The Popularity of Hypodermic Needle

Hypodermic needlesHypodermic needles have become more popular over the years, but some people find them more painful and challenging to use than other needles. This may be due to different factors, including which company you purchase the needles from and the size of the needle. Patients often need injection needles that are smaller in diameter and have a lower insertion point. These types of needles reduce the incidence of agonizing injections, often resulting in no pain at all.

Directed by these observations, manufacturers are focusing more on fine needles, which have proven to minimize the pain of an injection and deliver vaccinations and insulin just as effectively. The reduced dimensions of the needles have resulted in less pain. In some cases, patients opt for needle-free techniques as the alternative, but this is not something that can be used in all situations.

Invention of Hypodermic Needle

In 1853, Charles Gabriel Pravaz, a Frenchman, and Alexander Wood, an Englishman, both independently invented the hypodermic needle. Since that time, these medical needles have been commonly used in the medical community with approximately 16 billion administered injections globally.


Hypodermic needles sizeMedical needles are currently available in a wide variety of diameters and lengths. In most cases, specific sizes are chosen to administer drugs, insulin, vaccinations and other substances. It is also used for extracting fluids and tissues.

The correct needle gauge and length are defined by several factors, some of which include the specific tissue, patient populace and injection preparation. Some needles involve the use of 22 to 21 gauge sizes, which are inserted as deep as 25 to 38 mm in order to withdraw blood.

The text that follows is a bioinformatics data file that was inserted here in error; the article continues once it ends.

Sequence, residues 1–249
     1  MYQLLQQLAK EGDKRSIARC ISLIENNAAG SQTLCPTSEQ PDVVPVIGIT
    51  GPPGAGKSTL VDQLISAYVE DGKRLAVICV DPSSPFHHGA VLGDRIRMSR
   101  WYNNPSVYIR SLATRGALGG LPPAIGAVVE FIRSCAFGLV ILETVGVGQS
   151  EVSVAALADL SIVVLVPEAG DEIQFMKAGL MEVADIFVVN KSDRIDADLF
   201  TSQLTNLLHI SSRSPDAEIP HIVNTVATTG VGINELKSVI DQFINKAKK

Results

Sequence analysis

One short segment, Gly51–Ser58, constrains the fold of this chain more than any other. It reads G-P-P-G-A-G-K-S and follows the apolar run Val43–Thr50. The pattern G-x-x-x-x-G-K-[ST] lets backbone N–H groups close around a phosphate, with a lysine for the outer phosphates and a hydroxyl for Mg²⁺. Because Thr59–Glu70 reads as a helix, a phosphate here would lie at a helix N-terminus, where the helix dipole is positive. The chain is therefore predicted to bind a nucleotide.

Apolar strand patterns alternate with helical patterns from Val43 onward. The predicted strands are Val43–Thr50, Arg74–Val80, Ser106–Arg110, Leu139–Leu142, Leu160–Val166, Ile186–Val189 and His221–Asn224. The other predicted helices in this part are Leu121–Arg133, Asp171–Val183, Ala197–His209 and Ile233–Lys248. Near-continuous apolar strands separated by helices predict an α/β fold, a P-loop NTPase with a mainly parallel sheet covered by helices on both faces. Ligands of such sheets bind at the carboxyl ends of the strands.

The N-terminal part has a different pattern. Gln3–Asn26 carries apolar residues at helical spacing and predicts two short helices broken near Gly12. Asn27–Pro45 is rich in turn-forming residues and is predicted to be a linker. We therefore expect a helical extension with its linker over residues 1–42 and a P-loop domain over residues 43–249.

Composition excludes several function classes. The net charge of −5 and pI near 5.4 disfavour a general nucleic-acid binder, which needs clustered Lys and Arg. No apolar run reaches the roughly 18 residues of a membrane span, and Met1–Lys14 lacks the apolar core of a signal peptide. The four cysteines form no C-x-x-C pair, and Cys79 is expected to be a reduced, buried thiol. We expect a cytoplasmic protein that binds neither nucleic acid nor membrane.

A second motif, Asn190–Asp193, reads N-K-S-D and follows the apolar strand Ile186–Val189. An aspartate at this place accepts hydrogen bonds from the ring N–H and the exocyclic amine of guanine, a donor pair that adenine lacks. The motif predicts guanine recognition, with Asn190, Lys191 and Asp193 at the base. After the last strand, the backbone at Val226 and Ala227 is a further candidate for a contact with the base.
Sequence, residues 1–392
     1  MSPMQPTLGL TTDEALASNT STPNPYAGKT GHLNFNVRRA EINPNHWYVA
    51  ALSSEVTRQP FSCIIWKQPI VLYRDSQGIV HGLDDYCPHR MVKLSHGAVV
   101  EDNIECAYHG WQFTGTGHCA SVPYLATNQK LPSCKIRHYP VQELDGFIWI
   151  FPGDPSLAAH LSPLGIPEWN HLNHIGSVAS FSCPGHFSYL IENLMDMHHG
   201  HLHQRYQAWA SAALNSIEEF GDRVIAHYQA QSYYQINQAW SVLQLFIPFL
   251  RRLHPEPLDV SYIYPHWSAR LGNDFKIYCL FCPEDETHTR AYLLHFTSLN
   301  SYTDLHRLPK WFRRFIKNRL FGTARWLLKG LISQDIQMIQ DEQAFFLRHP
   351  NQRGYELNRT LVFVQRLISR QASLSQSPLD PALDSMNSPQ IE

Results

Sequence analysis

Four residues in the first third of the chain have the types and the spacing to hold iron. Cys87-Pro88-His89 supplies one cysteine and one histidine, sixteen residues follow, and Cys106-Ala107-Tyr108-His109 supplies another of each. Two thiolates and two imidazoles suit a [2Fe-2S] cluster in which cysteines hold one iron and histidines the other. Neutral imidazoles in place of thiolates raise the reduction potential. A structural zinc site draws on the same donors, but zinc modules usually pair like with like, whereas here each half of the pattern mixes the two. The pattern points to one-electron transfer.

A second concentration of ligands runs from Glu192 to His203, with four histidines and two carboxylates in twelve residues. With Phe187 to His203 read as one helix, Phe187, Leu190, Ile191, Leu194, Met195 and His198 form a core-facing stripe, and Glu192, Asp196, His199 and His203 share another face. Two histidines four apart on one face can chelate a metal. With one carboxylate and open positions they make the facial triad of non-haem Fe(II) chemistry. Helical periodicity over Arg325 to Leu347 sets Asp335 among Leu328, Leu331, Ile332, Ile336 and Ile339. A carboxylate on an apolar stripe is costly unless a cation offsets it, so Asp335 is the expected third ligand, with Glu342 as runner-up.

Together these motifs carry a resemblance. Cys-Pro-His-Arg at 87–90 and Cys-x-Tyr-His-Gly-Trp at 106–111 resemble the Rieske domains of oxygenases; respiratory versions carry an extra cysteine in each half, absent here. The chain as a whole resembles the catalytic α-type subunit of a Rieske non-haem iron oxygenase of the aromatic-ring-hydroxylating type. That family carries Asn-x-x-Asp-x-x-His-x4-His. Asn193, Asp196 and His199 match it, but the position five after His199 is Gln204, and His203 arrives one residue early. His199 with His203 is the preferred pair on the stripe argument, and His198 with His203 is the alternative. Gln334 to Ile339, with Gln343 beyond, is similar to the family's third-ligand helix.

In comparison, vaccines generally require fluid injection of less than 1 ml, making 25- to 22-gauge injection needles that are 16–38 mm in length ideal. Because the delivery of insulin requires a smaller volume of fluid, patients are often able to administer the injection in a private daily setting. Therefore, this patient will benefit from an even smaller needle, which could be between 21 to 29 gauges to be inserted to a depth of 6 to 13 mm.


Manufacturers are developing less painful injection needles because many people who suffer from diabetes must deliver daily doses of insulin on their own. With a motivation to produce medical needles that are less painful, there has been an increasing interest in smaller needles, and manufacturers are complying with the need. Progress is being made in the medical field as doctors and professionals find it easier and more reliable to insert smaller needles into the skin.

Moreover, it is more cost effective to use smaller needles. Some companies have developed finer needles, sometimes less than 30 gauge, which are largely used for administering insulin. To further diminish pain from injection, manufacturers are making 31-gauge medical needles, which are between 1 and 3 mm in length.

If you or someone you know must administer insulin or other fluids, check out our selection of hypodermic needles for medical use.

A hypodermic needle is a significant player in the medical needle field, growing in popularity over the years. The needle is hollow, and is usually used with a syringe to either inject a substance into the body or to extract a fluid or liquid sample from the body.

There are many benefits to using a hypodermic needle.

  • Less pain for the user: Since hypodermic needles can be just as effective with a smaller diameter, many patients find that they have less vein damage, and subsequently, lower amounts of pain, when using a hypodermic needle. When purchasing a hypodermic needle, keep in mind that the smaller diameter needles will have higher gauge numbers.
  • Variety of options: Hypodermic needles have three different types of bevel for the tip. A standard bevel is the longest option, while a short bevel and a true short bevel create a much shorter angled between the tip and the shaft of the needle. They also come in a wide variety of diameters, with 21-gauge being the norm when drawing blood for tests, and 16- to 17-gauge the standard for blood donation. The largest is a 7-gauge needle, and the 33-gauge needle is the thinnest.